Monster Cable and similar “boutique” cables are a substantial source of revenue for retailers of electronics such as DVD players and TVs. While the profit margins of DVD players and TVs may be low, the profit margins of Monster Cables and similar products provide supplemental revenue for these retailers. Employees of such retailers are trained to market and bundle Monster Cable and similar products so as to increase profitability.

    Nevertheless, various reviews have reported that listeners and viewers are unable to tell a difference between substantially higher-priced Monster cables and inexpensive cables. In addition, some opinions differ as to whether cable quality makes a difference for short runs of digital cables, such as using HDMI cables to connect a set-top box to one’s television. In one experiment, audiophile listeners could not distinguish between short Monster cables and ordinary coat hangers. Another reviewer concluded that “16-gauge lamp cord and Monster [speaker] cable are indistinguishable from each other with music.”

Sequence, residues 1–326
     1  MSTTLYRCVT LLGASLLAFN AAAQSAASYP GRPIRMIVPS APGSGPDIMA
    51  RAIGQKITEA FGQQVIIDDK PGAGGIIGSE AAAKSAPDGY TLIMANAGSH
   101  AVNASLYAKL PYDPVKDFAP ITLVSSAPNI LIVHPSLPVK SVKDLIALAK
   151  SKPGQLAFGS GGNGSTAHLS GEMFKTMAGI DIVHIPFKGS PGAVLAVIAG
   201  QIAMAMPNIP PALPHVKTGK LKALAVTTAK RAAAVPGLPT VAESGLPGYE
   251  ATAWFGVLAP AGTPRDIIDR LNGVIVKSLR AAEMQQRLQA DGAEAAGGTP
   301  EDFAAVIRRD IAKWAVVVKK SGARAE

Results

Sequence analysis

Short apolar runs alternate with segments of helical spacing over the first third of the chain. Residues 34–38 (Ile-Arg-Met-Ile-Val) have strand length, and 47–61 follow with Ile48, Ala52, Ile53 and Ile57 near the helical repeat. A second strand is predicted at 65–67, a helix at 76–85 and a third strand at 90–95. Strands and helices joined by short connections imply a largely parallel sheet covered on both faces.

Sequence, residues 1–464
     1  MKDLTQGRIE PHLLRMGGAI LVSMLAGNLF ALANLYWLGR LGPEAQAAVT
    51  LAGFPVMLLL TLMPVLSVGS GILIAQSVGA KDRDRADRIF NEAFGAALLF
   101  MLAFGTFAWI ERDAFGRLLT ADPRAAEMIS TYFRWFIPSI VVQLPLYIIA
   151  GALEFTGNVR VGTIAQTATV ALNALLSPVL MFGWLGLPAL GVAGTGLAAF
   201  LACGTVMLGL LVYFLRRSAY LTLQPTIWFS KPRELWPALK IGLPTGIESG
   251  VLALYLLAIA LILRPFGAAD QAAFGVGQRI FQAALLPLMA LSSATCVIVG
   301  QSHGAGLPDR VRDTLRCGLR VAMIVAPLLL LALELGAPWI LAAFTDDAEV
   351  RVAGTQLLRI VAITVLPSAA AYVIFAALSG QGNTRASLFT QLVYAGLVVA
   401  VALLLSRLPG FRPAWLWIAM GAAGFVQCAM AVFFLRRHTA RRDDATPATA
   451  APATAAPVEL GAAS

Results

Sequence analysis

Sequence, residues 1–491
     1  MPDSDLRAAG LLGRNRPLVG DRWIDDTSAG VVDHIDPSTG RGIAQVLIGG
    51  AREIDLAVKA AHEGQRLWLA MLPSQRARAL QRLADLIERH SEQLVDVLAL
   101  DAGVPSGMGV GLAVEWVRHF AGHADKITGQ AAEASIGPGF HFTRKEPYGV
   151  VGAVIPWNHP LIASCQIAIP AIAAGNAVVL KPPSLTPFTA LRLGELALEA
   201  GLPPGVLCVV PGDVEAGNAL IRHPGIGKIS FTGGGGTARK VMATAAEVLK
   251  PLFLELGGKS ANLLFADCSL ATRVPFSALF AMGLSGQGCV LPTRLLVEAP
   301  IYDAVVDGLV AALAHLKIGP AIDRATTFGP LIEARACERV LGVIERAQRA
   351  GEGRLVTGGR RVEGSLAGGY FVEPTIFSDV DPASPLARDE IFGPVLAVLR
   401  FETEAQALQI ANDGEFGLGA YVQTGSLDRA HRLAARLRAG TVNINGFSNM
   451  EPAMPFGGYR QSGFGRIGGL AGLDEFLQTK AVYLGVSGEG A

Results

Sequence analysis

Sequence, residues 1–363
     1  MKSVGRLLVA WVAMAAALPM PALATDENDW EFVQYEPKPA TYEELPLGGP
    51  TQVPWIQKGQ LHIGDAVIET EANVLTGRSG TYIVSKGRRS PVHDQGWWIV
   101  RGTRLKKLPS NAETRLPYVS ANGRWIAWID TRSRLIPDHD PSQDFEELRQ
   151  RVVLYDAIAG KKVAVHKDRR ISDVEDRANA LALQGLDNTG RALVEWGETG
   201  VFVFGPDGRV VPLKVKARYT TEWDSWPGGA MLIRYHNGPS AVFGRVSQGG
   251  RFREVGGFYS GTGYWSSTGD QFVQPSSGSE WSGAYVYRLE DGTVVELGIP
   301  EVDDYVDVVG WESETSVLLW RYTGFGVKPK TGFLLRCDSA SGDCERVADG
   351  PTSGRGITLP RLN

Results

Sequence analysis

I’m not about to say that none of these audio accessories actually work. At the same time, however, whenever I’ve posed the possibility of participating in controlled listening tests to someone who claims to hear such differences, they will usually protest, or just run away.

    This isn’t to say that you should just buy cheap gear and be happy with it. But a little skepticism never hurts, and, if you do have enough money to acquire a state-of-the-art audio or home theater system, you’d be best advised to consider gear that really makes a difference in what you see or hear. And take the money you save from not buying exotic cables and other fanciful accessories and invest it in fleshing out your music and/or movie libraries.


    The Tech Night Owl Newsletter is a weekly information service of Making The Impossible, Inc.

    Publisher/Editor: Gene Steinberg
    Managing Editor: Grayson Steinberg
    Marketing and Public Relations: Barbara Kaplan
    Worldwide Licensing: Sharon Jarvis